It is a vice that few can avoid but that nobody craves.
Now the area of the brain which controls jealousy has been found, scientists have announced.
It is the same part which detects real physical pain – perhaps explaining why feeling envious of your lover's philandering ways hurts so much.
The spot which makes people delight in others' misfortune – called schadenfreude – was also located by the team.
'It's interesting the part of the brain which detects physical pain is also associated with mental pain,' said Hidehiko Takahashi, who led the research.
Home of the green-eyed monster: This part of the frontal lobe lights up when you are jealous
'Assessing these feelings of jealousy will possibly be helpful in mental care such as counselling.'
'Envy is corrosive and ugly, and it can ruin your life,' Richard Smith, a professor of psychology at the University of Kentucky told the New York Times.
'If you’re an envious person, you have a hard time appreciating a lot of the good things that are out there, because you’re too busy worrying about how they reflect on the self.'
In the experiments, 19 students were asked to talk of a more successful rival while having MRI scans, which monitor brain activity.
Schadenfreude: This is the region of the brain that controls taking delight in other people's misfortune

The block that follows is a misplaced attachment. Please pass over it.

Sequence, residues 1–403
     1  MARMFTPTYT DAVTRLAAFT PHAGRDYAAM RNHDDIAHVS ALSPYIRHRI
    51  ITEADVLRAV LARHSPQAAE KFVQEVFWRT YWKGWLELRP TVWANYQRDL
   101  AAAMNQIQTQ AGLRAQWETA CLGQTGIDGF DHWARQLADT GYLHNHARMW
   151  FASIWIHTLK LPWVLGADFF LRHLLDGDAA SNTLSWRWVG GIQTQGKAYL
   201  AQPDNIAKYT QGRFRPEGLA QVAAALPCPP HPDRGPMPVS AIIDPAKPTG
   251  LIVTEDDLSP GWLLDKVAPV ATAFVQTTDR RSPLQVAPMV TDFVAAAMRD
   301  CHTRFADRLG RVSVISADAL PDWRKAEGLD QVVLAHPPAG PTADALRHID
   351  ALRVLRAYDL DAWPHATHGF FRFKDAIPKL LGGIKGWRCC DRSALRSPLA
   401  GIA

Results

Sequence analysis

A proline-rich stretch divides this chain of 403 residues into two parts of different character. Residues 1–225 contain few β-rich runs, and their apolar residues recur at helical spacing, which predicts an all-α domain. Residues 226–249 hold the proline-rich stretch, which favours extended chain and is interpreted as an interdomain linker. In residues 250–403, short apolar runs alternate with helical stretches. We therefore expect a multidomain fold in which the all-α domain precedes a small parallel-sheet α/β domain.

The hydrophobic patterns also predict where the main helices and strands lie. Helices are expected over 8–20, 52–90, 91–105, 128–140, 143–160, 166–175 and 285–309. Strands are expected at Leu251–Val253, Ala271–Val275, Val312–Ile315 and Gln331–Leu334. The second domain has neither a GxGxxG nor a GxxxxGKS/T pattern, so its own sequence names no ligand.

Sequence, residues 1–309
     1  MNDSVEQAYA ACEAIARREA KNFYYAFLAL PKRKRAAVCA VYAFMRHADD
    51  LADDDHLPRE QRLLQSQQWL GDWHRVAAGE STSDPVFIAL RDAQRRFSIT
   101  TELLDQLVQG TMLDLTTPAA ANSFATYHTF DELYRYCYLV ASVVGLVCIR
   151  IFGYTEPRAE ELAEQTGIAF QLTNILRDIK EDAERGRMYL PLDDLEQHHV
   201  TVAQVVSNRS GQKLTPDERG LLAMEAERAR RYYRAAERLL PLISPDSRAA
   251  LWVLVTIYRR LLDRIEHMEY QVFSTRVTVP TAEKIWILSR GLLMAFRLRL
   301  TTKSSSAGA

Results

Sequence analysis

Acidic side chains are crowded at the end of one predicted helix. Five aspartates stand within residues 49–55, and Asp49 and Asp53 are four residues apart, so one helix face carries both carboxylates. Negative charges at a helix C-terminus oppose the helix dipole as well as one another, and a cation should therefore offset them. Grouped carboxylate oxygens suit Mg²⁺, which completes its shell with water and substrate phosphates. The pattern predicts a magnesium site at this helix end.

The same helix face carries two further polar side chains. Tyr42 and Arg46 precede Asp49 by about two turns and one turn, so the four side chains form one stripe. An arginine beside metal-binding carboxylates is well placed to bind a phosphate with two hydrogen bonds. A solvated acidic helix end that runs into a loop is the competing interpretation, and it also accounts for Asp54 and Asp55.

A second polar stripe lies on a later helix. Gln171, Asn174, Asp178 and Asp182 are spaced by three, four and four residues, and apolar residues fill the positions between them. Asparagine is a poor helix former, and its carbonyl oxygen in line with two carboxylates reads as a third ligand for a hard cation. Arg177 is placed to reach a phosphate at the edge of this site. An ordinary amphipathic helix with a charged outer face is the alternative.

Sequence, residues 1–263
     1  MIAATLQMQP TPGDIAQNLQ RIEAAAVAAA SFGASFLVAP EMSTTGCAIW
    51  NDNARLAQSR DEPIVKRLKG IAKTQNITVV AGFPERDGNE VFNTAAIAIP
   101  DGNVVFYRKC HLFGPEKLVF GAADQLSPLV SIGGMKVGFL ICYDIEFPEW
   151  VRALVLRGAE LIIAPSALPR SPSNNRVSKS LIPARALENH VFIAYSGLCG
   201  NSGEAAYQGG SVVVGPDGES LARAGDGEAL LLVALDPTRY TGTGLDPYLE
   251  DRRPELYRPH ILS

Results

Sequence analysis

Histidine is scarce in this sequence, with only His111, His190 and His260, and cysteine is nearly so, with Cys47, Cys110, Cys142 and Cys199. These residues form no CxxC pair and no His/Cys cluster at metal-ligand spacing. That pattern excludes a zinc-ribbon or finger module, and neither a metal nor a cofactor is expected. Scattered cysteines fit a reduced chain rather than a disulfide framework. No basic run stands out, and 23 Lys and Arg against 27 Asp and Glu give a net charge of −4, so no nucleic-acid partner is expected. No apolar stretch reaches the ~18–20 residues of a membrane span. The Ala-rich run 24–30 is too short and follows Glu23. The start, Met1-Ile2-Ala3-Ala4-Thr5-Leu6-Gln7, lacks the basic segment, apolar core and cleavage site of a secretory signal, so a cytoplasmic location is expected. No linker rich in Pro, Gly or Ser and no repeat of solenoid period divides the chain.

A part of their frontal lobe became more active when the students felt jealous of their rivals, the Japanese study showed.
They then read a story in which the subject of their envy suffered a series of misfortunes, including food poisoning.
Their scan data showed the mishaps sparked greater activity in the 'reward reaction' part of the brain, which normally lights up when receiving social and financial fortune.
'We have a saying in Japanese, ‘The misfortunes of others are the taste of honey,’' said Mr Takahashi. 'The ventral striatum is processing that ‘honey.’'
And there appears to be a relationship between jealousy and schadenfreude. The scientists noted that the more jealous one person was of another, the more schadenfreude they felt at that person's downfall.
'We now have a better understanding of the mechanism at work when people take pleasure in another's misfortune,' said Mr Takahashi.
'This is the way other needs-processing systems like hunger and thirst work,' Matthew Lieberman of the psychology department at the University of California, Los Angeles, who co-wrote a commentary that accompanies the report, told the New York Times.
'The hungrier or thirstier that you feel, the more pleasurable it is when you finally eat or drink.'Original here